By: Mike Anderson
With the recent passage of Bill 218, the Ford government has made it substantially more difficult for family members whose loved ones died of COVID-19 in long-term care to get access to justice.
According to the Ontario Health Coalition (OHC), Bill 218 has raised the legal bar for family members seeking damages from LTC homes. Instead of proving negligence, they must demonstrate “gross negligence” on the part of LTC home owners, which, according to OHC, is a “much steeper hill to climb.”
“It’s too late for the families; their loved ones are gone. And the only kind of closure they could have, and the only kind of accountability they can seek now is through litigation. To see a piece of legislation that indemnifies these homes, crosses every moral line in our society,” said Natalie Mehra, Executive Director of OHC.
“There’s been no penalties, no fines for the homes. None of the home operators have lost their licenses. There’s been no criminal charges, yet the homes’ behaviour, in many cases, has been one of just total disregard for the lives of the residents in their care.”
We don’t have to look far to see what impact this legislation is going to have. With 36 deaths reported at Sutton’s River Glen Haven Nursing Home, during the first wave of the pandemic, it was one of the region’s worst-hit LTC homes — accounting for 16 per cent of the 222 COVID-19 LTC home deaths in York Region.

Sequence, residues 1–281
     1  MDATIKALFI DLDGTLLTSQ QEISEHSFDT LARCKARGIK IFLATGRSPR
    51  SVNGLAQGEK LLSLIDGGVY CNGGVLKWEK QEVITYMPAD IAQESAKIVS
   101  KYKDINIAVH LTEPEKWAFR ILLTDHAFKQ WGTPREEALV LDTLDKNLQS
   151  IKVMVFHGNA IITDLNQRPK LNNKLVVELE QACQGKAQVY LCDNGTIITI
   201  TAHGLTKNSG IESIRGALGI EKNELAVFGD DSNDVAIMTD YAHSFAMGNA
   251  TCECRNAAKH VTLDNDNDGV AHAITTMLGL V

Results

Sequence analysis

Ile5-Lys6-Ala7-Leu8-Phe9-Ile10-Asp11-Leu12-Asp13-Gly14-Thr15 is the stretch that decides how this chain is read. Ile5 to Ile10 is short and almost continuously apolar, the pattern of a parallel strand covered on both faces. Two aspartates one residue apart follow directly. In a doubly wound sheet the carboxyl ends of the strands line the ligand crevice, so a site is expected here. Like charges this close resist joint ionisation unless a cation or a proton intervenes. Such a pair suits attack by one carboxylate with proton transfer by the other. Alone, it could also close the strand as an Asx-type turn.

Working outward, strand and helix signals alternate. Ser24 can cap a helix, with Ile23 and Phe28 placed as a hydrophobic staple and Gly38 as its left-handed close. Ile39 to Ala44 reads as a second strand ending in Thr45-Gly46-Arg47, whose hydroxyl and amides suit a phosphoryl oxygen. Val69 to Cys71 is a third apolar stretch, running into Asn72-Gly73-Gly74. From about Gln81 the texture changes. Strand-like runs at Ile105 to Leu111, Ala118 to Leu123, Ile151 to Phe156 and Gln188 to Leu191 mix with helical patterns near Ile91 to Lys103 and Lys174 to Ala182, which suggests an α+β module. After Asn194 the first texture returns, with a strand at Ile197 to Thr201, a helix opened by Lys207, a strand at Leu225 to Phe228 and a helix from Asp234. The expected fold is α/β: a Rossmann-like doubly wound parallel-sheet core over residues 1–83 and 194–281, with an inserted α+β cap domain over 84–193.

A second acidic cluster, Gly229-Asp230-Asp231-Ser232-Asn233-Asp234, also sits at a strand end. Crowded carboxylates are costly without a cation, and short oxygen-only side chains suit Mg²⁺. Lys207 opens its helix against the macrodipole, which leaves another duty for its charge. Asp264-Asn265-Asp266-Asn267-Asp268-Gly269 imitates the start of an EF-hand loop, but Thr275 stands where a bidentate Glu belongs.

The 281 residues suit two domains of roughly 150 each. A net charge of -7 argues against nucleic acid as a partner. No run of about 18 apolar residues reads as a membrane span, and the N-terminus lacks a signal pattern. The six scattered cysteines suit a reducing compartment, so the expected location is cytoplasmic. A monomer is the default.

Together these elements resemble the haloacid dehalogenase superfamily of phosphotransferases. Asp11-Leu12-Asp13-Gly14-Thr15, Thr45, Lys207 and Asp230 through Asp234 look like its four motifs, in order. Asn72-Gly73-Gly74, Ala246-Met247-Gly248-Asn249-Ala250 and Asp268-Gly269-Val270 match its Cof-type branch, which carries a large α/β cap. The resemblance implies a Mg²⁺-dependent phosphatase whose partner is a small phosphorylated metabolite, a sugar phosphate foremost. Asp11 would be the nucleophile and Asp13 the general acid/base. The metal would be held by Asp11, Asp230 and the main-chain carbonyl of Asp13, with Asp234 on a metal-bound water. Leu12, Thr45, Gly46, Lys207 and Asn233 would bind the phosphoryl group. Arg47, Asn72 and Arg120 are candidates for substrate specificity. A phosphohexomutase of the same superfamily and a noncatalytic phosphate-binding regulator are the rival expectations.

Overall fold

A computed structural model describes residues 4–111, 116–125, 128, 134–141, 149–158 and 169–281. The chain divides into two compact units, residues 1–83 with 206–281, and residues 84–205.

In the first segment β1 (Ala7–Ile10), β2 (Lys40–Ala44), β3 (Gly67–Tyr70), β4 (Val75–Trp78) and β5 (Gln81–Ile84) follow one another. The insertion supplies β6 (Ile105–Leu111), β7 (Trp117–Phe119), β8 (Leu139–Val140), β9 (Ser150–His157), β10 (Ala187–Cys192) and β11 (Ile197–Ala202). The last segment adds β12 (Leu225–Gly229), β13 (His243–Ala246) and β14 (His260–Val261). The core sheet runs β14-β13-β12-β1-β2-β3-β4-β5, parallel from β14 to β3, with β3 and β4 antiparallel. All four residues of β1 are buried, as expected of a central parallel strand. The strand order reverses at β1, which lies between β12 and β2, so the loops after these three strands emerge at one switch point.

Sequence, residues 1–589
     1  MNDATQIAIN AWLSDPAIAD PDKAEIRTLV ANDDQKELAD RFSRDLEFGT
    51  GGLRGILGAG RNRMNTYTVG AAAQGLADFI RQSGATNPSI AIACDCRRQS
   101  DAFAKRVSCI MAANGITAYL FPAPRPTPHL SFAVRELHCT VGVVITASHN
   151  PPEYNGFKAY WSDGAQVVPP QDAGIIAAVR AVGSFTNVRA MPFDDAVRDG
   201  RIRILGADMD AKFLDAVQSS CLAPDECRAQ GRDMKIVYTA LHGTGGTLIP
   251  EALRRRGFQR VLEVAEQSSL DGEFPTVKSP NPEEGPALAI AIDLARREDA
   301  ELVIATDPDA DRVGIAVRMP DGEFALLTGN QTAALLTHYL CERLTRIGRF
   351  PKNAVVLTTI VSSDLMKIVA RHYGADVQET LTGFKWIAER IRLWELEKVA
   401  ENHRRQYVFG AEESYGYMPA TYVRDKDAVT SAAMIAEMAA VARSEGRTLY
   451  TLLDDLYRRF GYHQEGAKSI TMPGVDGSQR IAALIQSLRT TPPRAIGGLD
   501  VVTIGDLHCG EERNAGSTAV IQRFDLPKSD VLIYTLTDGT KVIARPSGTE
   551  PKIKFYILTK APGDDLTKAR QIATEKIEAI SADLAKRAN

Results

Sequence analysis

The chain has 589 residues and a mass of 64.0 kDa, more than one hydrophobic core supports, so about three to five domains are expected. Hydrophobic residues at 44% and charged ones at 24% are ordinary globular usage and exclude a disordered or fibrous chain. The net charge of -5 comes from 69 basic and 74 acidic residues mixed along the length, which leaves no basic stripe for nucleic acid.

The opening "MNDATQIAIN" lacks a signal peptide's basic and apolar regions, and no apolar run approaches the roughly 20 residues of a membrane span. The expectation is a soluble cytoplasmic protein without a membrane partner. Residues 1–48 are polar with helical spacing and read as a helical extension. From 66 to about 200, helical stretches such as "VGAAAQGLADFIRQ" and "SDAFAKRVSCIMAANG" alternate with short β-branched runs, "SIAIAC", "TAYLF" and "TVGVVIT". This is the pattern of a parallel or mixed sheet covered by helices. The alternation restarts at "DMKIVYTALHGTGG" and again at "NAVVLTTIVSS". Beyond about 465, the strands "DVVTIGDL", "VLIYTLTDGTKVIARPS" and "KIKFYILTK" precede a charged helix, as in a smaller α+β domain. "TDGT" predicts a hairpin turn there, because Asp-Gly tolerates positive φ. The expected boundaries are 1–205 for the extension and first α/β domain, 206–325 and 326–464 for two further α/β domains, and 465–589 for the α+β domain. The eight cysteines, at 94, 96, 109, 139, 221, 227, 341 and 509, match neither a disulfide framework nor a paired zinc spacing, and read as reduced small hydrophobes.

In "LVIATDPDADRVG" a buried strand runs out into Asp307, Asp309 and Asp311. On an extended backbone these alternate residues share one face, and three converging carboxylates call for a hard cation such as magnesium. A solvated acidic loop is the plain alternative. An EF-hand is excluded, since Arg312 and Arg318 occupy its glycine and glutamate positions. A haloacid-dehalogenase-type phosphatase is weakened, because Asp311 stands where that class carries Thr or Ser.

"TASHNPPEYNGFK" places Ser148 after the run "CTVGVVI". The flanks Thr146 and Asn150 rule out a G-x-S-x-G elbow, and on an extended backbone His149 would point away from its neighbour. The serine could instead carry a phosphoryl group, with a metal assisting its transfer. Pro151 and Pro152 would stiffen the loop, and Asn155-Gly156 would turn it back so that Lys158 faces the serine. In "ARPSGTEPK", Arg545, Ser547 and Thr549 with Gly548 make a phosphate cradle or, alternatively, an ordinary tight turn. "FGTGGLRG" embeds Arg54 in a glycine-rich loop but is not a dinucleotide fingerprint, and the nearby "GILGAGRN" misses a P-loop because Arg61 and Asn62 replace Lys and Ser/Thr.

ATK Care, the home’s owner, faces several lawsuits from family members. They allege that management did not physically distance residents as the outbreak spread from the second floor of the home to the third floor.
They also allege that management failed to adequately train staff on the proper use of personal protection equipment (PPE) and did not communicate with family members during the outbreak — both conditions of ATK Care’s license.
While Ontario’s Long-Term Care COVID-19 Commission has met with family members and residents from hard-hit LTC homes like Orchard Villa (70 deaths), there have been no face-to-face meetings with family members or residents from River Glen Haven.
There is a real possibility that the tragedy that occurred at RGH may be overlooked.
Only civil litigation initiated on behalf of family members who lost loved ones at RGH would be able to shed light on what went so horribly wrong. And that light, it appears, may have been extinguished.